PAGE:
Many of us learn the most important financial lessons when it’s too late. This can largely be due to the fact that we’ve not been taught about how to manage our money or are aware of what our options are. Personal finance lessons have not yet become a required subject in education. Therefore, it is important parents teach their young adult children financial lessons before they leave the family home.
First-time buyers will need a salary over £64k to buy their first home in 2020, while average graduates leave university with debts of £44k. Contrast this with an average UK salary of £27,600, and the fact that earnings have dropped in real terms, and it gives us insight into the worrying financial times facing Britain’s young adults.
The reality is that young adults today are facing a financial uphill battle that makes previous generation’s financial woes look like mole hills to their mountains. Equipping a young adult with the financial savvy and skills they need to flourish is more essential than ever.
Financial Lessons for Young Adults
There are some key financial pearls of wisdom which you can be pass on to the next generation, whether it is a son or daughter, a niece or nephew or a grandchild:
- Basic budgeting: While the Citizenship element of the UK National Curriculum covers some money management, the basics, such as budgeting are usually the best places to start. This can include helping them to understand the fundamentals of money in and out, tax, debt, outgoings, and more. This is also a great opportunity to show them how to set up and manage their own bank account.
- Invest sooner rather than later: In danger of coming across as preaching, investing earlier in life is important, even though they hope to be earning more as they get older. It’s basic maths, the sooner you start investing, the greater the benefits. It’s all about investment growth. Start small with savings goals, and grow from here.
- Rainy days and the future: While some young adults can rely on the bank of Mum and Dad, it’s an important lesson to learn that saving for rainy days is a great habit to pick up.
- Think about the long-term with your career: It’s enticing to take the best paying job when you’re saddled with student debt, and keen to maximise the money to burn. However, careers should be thought of realistically concerning future earning potential too. Be realistic about what someone needs to earn to afford certain living standards.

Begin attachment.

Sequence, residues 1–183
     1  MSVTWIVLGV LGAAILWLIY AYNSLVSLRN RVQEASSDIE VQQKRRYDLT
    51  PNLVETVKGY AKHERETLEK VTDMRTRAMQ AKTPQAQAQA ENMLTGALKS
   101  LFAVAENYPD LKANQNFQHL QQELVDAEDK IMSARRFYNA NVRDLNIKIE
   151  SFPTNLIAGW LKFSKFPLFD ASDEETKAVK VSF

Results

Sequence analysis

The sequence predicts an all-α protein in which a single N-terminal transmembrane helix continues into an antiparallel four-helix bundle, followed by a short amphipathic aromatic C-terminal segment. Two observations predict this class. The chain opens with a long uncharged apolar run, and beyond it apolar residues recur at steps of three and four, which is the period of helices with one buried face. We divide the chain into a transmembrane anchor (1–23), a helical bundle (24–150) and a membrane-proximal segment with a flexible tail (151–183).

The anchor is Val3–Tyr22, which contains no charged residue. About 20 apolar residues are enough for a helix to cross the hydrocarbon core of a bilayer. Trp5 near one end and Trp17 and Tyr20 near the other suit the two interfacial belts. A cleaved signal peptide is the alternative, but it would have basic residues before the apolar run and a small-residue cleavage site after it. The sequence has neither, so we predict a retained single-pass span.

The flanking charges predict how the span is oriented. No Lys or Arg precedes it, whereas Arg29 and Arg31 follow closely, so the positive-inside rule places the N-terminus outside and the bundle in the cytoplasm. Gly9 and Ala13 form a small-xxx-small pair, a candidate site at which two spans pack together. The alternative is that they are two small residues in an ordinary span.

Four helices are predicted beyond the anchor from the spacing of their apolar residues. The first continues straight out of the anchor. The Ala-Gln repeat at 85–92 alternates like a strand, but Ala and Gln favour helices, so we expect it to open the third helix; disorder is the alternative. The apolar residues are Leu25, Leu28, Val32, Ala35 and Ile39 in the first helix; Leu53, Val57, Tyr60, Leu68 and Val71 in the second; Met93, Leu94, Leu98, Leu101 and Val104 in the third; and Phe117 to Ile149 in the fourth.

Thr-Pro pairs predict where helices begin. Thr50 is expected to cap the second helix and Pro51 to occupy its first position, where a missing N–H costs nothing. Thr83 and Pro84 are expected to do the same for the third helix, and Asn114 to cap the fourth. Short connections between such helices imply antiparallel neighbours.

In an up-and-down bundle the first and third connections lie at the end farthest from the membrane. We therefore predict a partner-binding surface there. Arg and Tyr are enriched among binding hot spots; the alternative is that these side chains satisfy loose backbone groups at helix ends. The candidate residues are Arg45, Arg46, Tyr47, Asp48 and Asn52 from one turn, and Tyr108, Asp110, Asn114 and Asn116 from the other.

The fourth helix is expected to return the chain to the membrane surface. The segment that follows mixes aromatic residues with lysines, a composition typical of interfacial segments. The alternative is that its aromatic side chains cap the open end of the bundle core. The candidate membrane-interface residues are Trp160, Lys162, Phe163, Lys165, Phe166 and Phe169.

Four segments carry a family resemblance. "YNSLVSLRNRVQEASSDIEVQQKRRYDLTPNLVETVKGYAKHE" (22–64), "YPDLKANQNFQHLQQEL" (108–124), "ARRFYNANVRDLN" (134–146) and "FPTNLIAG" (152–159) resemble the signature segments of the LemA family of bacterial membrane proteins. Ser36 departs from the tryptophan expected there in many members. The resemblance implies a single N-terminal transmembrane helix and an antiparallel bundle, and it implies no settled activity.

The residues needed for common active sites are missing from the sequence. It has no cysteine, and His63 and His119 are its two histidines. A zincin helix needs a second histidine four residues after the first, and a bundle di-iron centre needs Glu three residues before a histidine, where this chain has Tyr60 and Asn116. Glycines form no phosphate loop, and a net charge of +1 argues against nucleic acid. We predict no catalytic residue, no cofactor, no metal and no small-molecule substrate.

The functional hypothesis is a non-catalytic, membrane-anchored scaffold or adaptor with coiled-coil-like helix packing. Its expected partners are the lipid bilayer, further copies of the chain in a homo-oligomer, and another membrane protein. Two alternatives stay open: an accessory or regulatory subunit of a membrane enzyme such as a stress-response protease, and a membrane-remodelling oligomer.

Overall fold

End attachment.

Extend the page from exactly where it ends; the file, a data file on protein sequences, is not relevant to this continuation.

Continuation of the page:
- Understand the most common financial pitfalls: When you’ve been managing your finances for decades, it’s easy to forget the myriad of simple tasks you complete day-in day-out to avoid common financial pitfalls. Pointing out the common mistakes, such as missing bill reminders, or being charged overdraft interest, or interest on credit cards, all need to be shared. Banking Refunds carried out a poll and discovered the UKs top financial bad habits, make sure your child is aware of them, you can also discover how to fix them here.
- Think outside the box: Some young people quickly and naturally realise that if they want spending power they need to earn it. These are youth who had a paper round, walked a neighbour’s dog, babysat for parent’s friends, or had a Saturday job. However, earning money doesn’t have to be a pursuit down one single avenue. Consider selling unwanted clothes and items on eBay, setting up an online business or carrying out freelance work.
How Do You Teach Young Adults Financial Lessons?
Of course, it’s one thing knowing what you should teach your young adult about financial matters; it’s another being able to do so successfully. You’re not dealing with a five-year-old who, if they don’t do what you want, you can simply coerce them through different parenting strategies. You’re going to have to be savvier.
There are three core elements which you can implement from the mid-teen years through into early adulthood:
- Give responsibility
- Show an example
- Help, guidance, and practical solutions
Everyone learns best when given a chance to make their own mistakes, and to try something in practice. Learning about finances is no different. This means giving a young person the responsibility to try a few things for themselves and see how it works. Start small with allowances as teens, and allow them to learn through natural consequences. Enable them to learn the value of money, in practice, as well as the fact that contribution-in equals payment out.
Setting an example is two-fold: Your actions regarding your own money and your responses regarding theirs. If they see you blow your last £30 on a takeaway rather than pay a bill, they will learn the wrong lesson. Let them watch you saving in action. Similarly, if they spend all of their lunch money on clothes and have you hand over more, they are more likely to fail to realise the consequences. It’s much better for young adults to learn these lessons when their young when the amounts and effects are small, than when they are older, and the same action gets them into debt.
Finally, you help and guide where you can. It’s not fair to say ‘manage your monthly allowance’ without giving them the tools to do so. Therefore, show them how they can keep track of their spending on their mobile phone. We’ve listed 10 apps that help you to save money.
Show them how to pay a bill or make a bank transfer. Show them how to plan savings and set goals. Most importantly, talk. Keep the lines of communication open.